Vancouver is a maritime city, so, isn’t it time we started incorporating the sea into our thinking when grappling with our municipal problems?
The related problems of homelessness and affordable housing immediately come to mind. In the year 3 BC ( that’s Before Covid) I blogged an elegant solution to the problem of homelessness https://gentlemansrelish.ca/2017/12/09/enough-already/#more-627. Simply buy a used cruise ship, I suggested, park it in an empty patch of ocean in the harbour, and, voila- 2,000 or 3,000 well appointed beds instantly available, together with space for all of the ancillary services you could ever need, for far less money than we are currently throwing at the problem. Well, nobody listened, and here we are five years later, no closer to a solution, but having spent the better part of a billion dollars on band-aids.
OK, so maybe the ‘hard to house’ wouldn’t be the ideal tenants for a permanently parked cruise ship, – they would probably turn the boat into a slum in short order- but I still think its a housing idea with merit- for the right clientele. What about the temporary foreign workers we so desperately need to bolster our workforce? What about the young single working stiffs who are finding it impossible to find respectable, affordable rental accommodation? Or students? Having a micro-apartment aboard a well appointed cruise ship could become an attractive lifestyle.
And lets not forget that the world of work has changed forever, courtesy of Covid. Workers no longer need to live within an endurable daily commuting distance from their office. They now have the theoretical ability to live anywhere, although still tethered to an office that requires them to make regular guest appearances. They are the new commuters, needing a small pied-a-terre in the city for a couple of nights a week for work, with their main residence in a smaller community elsewhere. A cruise ship cabin would seem an ideal solution for the new hybrid work week.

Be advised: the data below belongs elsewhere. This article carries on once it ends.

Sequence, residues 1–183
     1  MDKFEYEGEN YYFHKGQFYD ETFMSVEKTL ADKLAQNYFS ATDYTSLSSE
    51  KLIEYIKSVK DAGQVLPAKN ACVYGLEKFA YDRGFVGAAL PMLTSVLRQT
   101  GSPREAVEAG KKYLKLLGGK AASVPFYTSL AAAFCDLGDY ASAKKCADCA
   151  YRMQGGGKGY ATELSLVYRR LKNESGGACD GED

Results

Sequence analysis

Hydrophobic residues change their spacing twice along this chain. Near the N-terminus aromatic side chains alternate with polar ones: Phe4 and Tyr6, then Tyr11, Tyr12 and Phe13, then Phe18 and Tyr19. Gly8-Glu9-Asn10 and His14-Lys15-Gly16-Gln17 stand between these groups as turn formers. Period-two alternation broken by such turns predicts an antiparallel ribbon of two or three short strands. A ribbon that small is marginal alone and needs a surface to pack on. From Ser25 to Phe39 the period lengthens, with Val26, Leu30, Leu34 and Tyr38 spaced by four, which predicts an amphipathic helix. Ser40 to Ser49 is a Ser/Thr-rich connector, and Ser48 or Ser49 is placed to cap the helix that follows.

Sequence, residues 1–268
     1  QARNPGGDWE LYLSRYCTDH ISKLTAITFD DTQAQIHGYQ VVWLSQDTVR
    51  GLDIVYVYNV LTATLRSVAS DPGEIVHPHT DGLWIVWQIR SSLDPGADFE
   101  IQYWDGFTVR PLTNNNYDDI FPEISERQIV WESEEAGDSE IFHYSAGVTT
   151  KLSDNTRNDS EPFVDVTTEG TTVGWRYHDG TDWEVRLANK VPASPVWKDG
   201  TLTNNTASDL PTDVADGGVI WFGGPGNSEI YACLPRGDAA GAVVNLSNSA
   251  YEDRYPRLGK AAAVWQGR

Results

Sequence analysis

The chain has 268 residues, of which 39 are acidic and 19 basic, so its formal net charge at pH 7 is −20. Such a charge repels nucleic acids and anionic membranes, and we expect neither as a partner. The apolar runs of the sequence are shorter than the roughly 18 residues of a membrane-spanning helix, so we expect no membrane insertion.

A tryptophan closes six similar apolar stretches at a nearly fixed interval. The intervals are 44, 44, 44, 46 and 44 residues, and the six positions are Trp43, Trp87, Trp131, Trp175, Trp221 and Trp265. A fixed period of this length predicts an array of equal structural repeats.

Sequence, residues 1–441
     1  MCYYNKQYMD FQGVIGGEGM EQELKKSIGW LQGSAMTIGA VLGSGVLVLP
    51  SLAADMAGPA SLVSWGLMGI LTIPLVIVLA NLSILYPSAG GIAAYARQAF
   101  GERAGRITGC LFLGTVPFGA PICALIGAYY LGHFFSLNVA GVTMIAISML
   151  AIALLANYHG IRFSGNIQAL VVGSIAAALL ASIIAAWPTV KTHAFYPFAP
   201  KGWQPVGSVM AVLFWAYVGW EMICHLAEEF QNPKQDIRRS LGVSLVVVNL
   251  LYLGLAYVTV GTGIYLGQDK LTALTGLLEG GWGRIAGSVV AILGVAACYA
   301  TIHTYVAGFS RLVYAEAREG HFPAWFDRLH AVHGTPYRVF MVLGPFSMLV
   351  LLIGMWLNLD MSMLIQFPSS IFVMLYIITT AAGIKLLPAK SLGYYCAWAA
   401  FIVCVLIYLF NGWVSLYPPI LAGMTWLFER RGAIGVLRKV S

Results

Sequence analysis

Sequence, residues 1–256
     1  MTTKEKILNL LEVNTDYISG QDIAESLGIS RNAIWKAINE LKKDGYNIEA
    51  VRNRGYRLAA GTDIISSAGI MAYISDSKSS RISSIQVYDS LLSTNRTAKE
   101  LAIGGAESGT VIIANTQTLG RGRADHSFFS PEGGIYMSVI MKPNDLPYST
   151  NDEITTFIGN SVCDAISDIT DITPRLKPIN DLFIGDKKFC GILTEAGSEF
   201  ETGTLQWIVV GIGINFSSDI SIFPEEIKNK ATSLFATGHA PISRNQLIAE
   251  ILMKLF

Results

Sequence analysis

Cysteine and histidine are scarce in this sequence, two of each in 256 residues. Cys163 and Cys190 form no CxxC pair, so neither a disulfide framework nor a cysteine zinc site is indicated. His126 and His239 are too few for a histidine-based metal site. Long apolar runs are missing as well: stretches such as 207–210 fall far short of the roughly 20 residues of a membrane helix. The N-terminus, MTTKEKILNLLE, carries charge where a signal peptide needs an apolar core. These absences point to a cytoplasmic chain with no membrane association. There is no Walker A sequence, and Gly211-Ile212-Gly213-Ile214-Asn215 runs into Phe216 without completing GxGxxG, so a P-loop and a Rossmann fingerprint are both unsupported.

But what of families, you ask? – well the ocean could provide a solution for them as well, in the form of float homes. It is a mystery to me why, in an environment where the land supply is restricted, but water is a so abundant, we don’t make better use of our waterways to host housing of all descriptions. There are indeed small pockets across the lower mainland where float home communities thrive, but truly, the potential for floating communities has barely been scratched.
The answer to our housing problem may truly be right at our doorstep, in the hundreds of miles of protected coastline, and river bank within Metro Vancouver, a priceless resource, should we be bold enough to re-imagine Vancouver as a truly maritime environment, where people live and work and commute on the sea, as well as beside it.